Title: Development of a lifetime merit-based selection index for US dairy grazing systems Authors
|Gay, Keegan -|
|Widmar, Nicole -|
|Nennich, Tamilee -|
|Schinckel, Allan -|
|Schutz, Michael -|
Submitted to: Journal of Dairy Science
Publication Type: Peer Reviewed Journal
Publication Acceptance Date: March 11, 2014
Publication Date: July 1, 2014
Citation: Gay, K.D., Widmar, N.J., Nennich, T.D., Schinckel, A.P., Cole, J.B., Schutz, M.M. 2014. Development of a lifetime merit-based selection index for US dairy grazing systems. Journal of Dairy Science. 97(7):4568-4578. Interpretive Summary: Management practices and environmental influences differ between confinement and pasture-based dairy production and may alter economic values for traits utilized in selection indexes. Development of a selection index utilizing economic values relevant to grazing dairy production demonstrated a need for separate indexes to maximize the genetic gain. Traits and their relative index weights were: milk volume (0%), fat yield (21%), protein yield (17%), productive life (7%), somatic cell count (-9%), feet and leg composite (4%), body size composite (-4%), udder composite (8%), daughter pregnancy rate (20%), calving ability (3%), and dairy form (6%); using prices parallel to Lifetime Net Merit$.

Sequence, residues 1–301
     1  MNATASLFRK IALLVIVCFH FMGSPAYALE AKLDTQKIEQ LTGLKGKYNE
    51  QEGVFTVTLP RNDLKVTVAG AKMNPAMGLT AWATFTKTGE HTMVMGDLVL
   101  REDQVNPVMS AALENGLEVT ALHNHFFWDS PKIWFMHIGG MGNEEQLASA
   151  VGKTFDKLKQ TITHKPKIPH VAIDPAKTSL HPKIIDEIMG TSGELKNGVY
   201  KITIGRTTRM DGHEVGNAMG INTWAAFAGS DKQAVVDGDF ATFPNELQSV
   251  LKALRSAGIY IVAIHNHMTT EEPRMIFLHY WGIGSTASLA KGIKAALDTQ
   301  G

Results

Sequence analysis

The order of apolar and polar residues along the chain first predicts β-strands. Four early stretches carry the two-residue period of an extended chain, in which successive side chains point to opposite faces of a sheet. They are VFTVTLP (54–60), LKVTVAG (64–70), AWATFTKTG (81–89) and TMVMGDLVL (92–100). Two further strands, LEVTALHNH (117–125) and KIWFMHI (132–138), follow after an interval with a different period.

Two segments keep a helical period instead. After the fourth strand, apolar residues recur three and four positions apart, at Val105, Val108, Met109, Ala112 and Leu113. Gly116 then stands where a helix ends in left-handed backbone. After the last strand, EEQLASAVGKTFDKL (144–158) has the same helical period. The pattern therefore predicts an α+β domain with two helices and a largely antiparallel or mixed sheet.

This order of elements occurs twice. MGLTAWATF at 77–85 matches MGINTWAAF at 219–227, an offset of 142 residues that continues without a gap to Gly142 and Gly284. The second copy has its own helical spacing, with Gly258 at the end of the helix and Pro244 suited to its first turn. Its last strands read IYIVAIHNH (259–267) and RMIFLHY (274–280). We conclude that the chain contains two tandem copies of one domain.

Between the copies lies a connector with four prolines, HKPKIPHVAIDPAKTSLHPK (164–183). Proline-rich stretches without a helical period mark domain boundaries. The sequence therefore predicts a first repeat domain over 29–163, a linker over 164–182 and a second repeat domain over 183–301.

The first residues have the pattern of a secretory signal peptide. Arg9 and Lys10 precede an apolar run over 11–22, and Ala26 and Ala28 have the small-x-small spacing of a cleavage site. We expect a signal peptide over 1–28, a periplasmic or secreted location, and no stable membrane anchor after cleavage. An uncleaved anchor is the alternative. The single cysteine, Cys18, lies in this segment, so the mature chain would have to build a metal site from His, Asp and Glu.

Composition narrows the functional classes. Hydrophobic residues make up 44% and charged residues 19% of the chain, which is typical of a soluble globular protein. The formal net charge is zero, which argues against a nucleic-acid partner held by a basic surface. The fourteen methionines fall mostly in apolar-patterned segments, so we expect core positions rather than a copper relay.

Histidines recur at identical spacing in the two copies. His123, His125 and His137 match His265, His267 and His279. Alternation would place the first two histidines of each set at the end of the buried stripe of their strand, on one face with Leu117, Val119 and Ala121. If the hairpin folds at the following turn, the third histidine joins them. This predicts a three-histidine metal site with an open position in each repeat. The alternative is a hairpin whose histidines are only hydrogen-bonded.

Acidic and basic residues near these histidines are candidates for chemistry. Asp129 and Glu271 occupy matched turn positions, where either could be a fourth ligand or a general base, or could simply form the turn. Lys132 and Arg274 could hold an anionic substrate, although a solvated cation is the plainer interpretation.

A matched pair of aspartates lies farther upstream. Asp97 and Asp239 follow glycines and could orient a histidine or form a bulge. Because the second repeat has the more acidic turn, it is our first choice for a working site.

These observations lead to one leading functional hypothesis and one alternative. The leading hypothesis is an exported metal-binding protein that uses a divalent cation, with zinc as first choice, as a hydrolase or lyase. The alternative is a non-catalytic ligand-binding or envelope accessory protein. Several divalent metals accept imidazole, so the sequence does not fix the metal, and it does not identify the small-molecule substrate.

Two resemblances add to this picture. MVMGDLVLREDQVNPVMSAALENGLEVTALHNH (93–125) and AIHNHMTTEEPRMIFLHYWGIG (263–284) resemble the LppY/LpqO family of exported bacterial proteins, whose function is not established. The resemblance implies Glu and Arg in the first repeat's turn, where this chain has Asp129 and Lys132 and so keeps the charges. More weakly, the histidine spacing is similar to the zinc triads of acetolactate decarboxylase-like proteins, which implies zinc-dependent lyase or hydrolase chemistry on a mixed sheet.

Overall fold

Technical Abstract: Pasture-based dairy producers in the US face costs, revenues and management challenges that differ from those associated with conventional dairy production systems. Three Grazing Merit indexes (GM$1, GM$2, and GM$3), parallel to the US Lifetime Net Merit (NM$) index, were constructed using economic values appropriate for grazing production in the US. Milk prices based on average prices from the previous five yr were used for GM$1, while GM$2 utilized milk prices found in NM$. Cull prices, interest rates, and milk prices from NM$ were used in GM$3. All other inputs remained constant among GM$1, GM$2, and GM$3. Economic costs and revenues were obtained from surveys, recent literature, and farm financial record summaries. Derived weights for GM$ were then multiplied by the Predicted Transmitting Abilities of 584 active Artificial Insemination Holstein bulls to compare with NM$. Spearman rank correlations for NM$ were 0.93 (p <.0001) with GM$1, 0.98 (p<.0001) with GM$2, and 0.98 (p<.0001) with GM$3. Traits included (and their percentage of weight) in GM$1, GM$2, and GM$3 respectively include: Milk Volume (24%, 0%, 0%), Fat Yield (16%, 21%, 21%), Protein Yield (4%, 17%, 17%), Productive Life (7%, 8%, 7%), Somatic Cell Count (-8%, -9%, -9%), Feet and Leg Composite (4%, 4%, 4%), Body Size Composite (-3%, -4%, -4%), Udder Composite (7%, 8%, 8%), Daughter Pregnancy Rate (18%, 20%, 20%), Calving Ability (3%, 3%, 3%), and Dairy Form (6%, 6%. 6%). This compared to NM$ weights of 0, 19, 16, 22, 10, 4, 6, 7, 11, 5, and 0 % for the same traits, respectively. Dairy Form was added to GM$ to offset the decrease in strength associated with selection to reduce stature through selection against Body Size. Emphasis on Productive Life decreased in GM$ because grazing cattle are estimated to remain in the herd considerably longer, diminishing the marginal value of Productive Life. While NM$ provides guidance for grazing dairy producers, a GM$ index based upon appropriate costs and revenues, would allow selection of cows and bulls for more optimal genetic progress.